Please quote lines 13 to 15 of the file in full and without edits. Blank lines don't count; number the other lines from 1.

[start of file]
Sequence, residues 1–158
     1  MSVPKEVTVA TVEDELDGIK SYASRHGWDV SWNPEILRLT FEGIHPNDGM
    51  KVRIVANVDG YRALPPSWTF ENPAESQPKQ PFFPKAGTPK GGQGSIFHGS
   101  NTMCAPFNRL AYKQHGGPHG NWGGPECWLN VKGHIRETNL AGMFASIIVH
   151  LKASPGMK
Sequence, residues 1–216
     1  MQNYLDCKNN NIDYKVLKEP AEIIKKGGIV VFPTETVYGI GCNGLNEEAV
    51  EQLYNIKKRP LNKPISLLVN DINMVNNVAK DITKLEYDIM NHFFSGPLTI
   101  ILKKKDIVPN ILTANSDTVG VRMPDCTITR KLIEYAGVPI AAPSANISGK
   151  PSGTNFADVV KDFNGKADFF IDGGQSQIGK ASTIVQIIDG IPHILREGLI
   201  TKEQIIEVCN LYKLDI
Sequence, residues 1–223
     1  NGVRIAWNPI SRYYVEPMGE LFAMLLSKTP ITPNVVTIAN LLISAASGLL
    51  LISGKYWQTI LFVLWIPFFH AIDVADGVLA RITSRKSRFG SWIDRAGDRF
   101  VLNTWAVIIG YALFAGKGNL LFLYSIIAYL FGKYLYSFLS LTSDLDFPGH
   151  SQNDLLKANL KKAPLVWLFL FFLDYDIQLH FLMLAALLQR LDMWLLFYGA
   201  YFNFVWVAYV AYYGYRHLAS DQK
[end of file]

     1  NGVRIAWNPI SRYYVEPMGE LFAMLLSKTP ITPNVVTIAN LLISAASGLL
    51  LISGKYWQTI LFVLWIPFFH AIDVADGVLA RITSRKSRFG SWIDRAGDRF
   101  VLNTWAVIIG YALFAGKGNL LFLYSIIAYL FGKYLYSFLS LTSDLDFPGH